‘Girly girl’ gets down, dirty to hunt fossils in Sahara
By SANDRA GUY firstname.lastname@example.org February 17, 2012 7:14PM
Updated: March 19, 2012 8:03AM
Chatham native Kaitlin Judkins concedes she was a “girly girl” cheerleader who hated getting dirty or skinning her knee before she found “Project Exploration,” a Chicago non-profit that dinosaur hunter Paul Sereno started so city kids could learn about science in outdoor archeological digs.
Judkins, now 22 and an energy efficiency marketing specialist at Exelon Corp., has transformed into a globe-trotting fossil finder, having recently returned from 27 days camping in a tent in the Sahara Desert on an expedition to a Stone Age cemetery. The explorers had to have military escorts to work at the site, considered a crucial link to understanding life in Africa before Egyptian civilization emerged.
“After the 25th day, I was tired of the desert, but it was really beautiful,” said Judkins, who befriended the native Tuareg nomads and learned to be OK using the nearest bush as an outhouse. She picked up some of the Tuareg language when the nomads traversed the camp in their camel caravans.
“You could see the stars at night and when the moon was low enough, you could see the entire desert landscape,” she said. “The sunrise was beautiful and the landscape breathtaking.”
The experience marked Judkins’ first time interacting with an overseas culture and dealing with delayed international flights.
Judkins couldn’t be stopped from blogging about her experience, as she described her work as a junior paleontologist at Gobero, Niger, site of the cemetery dig.
She excitedly wrote about the significance of seeing 1,000-year-old artifacts from the Kiffian and Tenerain civilizations.
On Dec. 14, 2011, she wrote, “The site itself was difficult to excavate at first because of all the hardened calcrete that surrounded the skeleton. After digging, brushing and scraping our knees on the calcrete, we saw the humerus and tibia, then teeth!! (Teeth are always a good sign, because then the age of the skeleton can potentially be dated back in the lab.)”
In fact, Judkins — the youngest member of Project Exploration’s board of directors — said she took her initial leap of faith from girly-girl to boldness when Sereno’s wife, Project Exploration co-founder and senior explorer Gabrielle “Gabe” Lyon, challenged her to “cowgirl it up” and climb a rock formation when Judkins went on her first expedition to the Badlands of Montana 11 years ago.
“Coming from the city, I had never hiked before and that was a monumental moment,” Judkins said. “When I got to the top, the sun was shining and the weather was great. At that moment, I looked around and realized that I had what it took to overcome difficult challenges. It was worth more than gold.”
Lyon and Sereno co-founded the organization 13 years ago to give young people, and especially girls and children of color, the chance to work with scientists in the field.
Project Exploration works each year with 250 middle- and high-school students at 40 Chicago Public Schools, of whom 74 percent are girls and 85 percent from low-income Latino and African-American families.
Eileen Sweeney, senior director of the Motorola Mobility Foundation that helps fund Project Exploration’s work, said Lyon understands how students can create lives filled with great possibilities after they’ve gained the kinds of skills and confidence the expeditions impart.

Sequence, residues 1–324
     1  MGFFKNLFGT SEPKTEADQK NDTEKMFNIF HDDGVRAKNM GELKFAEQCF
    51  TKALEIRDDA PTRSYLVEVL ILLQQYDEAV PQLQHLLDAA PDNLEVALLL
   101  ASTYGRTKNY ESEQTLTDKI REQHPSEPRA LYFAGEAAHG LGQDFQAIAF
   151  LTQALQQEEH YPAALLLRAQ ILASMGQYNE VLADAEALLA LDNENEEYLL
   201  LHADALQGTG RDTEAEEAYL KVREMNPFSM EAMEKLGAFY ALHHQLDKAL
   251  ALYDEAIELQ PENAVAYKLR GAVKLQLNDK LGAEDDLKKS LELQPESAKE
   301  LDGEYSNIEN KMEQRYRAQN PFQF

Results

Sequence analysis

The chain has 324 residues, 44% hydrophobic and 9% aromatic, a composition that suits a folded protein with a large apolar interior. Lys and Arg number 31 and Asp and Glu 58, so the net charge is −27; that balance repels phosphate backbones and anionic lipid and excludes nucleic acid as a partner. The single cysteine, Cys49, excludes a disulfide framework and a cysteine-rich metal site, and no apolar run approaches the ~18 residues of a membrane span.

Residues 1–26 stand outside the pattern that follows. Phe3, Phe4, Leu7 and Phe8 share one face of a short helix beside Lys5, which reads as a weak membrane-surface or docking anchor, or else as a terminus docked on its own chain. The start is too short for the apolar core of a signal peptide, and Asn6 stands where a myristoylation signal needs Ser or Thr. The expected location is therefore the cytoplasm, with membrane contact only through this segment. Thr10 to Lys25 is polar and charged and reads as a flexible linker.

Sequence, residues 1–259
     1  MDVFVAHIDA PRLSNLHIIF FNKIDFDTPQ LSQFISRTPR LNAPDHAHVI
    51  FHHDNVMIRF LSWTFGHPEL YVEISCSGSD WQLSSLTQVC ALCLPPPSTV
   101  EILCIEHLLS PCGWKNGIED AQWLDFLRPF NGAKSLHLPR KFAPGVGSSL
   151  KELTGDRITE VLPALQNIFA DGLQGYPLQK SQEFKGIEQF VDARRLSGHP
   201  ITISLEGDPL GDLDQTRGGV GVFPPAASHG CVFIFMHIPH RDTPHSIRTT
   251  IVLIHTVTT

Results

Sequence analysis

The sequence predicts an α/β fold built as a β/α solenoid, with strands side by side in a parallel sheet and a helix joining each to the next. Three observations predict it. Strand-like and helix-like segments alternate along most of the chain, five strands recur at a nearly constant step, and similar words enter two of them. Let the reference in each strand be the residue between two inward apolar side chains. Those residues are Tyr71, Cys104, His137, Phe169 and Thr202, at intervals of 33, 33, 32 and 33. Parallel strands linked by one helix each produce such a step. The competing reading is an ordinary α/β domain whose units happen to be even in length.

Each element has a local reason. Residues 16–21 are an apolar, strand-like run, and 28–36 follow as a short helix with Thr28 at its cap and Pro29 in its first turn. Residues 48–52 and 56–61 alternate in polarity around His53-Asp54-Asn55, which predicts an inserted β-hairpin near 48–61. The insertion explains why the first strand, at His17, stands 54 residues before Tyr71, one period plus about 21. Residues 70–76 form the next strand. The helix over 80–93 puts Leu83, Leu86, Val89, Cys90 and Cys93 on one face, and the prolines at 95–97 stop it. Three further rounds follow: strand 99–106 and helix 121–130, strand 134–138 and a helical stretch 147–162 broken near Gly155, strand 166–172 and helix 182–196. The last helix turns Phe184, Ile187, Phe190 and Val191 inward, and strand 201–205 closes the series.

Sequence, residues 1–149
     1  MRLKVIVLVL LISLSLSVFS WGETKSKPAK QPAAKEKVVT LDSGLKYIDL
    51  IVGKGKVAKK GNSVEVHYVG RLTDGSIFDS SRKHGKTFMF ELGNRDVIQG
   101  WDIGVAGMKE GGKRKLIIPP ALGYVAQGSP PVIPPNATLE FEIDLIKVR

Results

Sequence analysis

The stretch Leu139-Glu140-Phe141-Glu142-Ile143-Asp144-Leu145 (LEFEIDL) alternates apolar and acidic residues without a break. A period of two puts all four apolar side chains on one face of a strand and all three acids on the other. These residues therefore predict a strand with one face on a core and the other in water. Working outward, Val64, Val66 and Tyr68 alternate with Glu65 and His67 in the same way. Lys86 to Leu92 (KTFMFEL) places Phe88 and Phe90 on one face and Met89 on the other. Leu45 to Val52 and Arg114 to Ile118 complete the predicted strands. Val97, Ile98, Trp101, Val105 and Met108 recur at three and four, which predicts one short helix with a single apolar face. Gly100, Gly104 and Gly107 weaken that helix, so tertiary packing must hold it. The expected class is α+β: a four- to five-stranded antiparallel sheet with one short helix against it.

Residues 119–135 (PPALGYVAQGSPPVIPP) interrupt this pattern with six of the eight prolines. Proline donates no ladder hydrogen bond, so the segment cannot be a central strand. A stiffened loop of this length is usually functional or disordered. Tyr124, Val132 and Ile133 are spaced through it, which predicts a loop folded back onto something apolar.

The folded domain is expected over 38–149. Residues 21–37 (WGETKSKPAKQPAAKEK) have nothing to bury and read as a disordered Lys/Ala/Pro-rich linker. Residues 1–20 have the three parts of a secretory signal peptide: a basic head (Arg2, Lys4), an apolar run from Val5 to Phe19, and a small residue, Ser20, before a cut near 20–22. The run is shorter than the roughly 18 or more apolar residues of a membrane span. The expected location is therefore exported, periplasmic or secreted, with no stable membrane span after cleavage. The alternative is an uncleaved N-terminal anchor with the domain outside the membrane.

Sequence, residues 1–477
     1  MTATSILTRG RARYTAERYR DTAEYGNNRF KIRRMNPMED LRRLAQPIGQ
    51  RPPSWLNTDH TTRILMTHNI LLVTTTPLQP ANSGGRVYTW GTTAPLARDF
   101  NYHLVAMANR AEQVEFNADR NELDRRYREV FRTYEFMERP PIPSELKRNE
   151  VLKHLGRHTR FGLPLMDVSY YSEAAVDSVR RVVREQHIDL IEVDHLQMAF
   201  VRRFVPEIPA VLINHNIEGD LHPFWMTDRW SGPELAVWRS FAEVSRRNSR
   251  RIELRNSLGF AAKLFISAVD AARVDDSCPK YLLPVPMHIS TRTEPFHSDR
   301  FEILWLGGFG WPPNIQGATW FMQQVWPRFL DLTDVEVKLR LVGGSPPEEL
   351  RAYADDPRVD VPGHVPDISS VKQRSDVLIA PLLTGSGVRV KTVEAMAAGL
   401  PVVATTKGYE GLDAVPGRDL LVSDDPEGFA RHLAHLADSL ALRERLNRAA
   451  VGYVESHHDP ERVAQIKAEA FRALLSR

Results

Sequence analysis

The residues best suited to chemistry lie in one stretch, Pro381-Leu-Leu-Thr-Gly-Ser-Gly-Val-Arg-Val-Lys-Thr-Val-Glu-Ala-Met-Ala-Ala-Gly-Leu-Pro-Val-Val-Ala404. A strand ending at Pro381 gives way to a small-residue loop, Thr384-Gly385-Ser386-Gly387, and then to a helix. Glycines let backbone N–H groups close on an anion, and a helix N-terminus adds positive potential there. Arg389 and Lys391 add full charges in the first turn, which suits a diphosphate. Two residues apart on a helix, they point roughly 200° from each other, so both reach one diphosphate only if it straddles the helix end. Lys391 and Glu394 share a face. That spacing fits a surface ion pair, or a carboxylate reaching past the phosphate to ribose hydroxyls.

“They bring the thrill of discovery, and show girls that they can be innovators and discoverers,” said Sweeney, who started Motorola Mobility’s Innovation Generation Grants program to help kids gain interest in science, technology, engineering and mathematics (STEM).
Other STEM proponents are sponsoring ventures overseas to attract young people, who have always wanted to change the world and increasingly want to do so as global citizens.
Engineering for Change LLC, which uses an acronym – E4C – common to young people who would rather text than email, has set up an online network at EngineeringforChange.org to help solve global humanitarian crises and to develop principles governing engineers’ work.
Noha El-Ghobashy, E4C’s president, said the idea appealed to her because she became an engineer “to make a difference and an impact on humanity.”
The E4C website, headquartered with the national mechanical engineers’ association in New York City, features a “workspace” where engineers or non-governmental organizations (NGOs) may submit challenges in search of a solution or where students may upload projects on which they need expertise.
A success story has resulted: The online community helped Climate Healers, a non-profit dedicated to combating the climate crisis, design a solar stove that cooks at night. The innovation lets women in rural India cook dinner and breakfast in the early morning without disrupting their schedules.
The site includes a bulletin board where people, companies and groups can offer resources and donate materials or testing facilities to help ongoing projects.
The need to attract young people to engineering has become increasingly acute as studies show that China has surpassed the United States in awarding doctorates in engineering and natural sciences. The United States awarded 8,110 doctorates, including 57 percent to foreign students, versus China’s 15,276, according to a Jan. 17 National Science Board report.
Rob C. Wolcott, a senior lecturer at Northwestern University’s Kellogg School of Management and executive director of the Kellogg Innovation Network, said STEM education must be linked with creativity.
“That comes from inspiration, engagement and challenges — the sorts of things provided by learning in real-world contexts,” he said.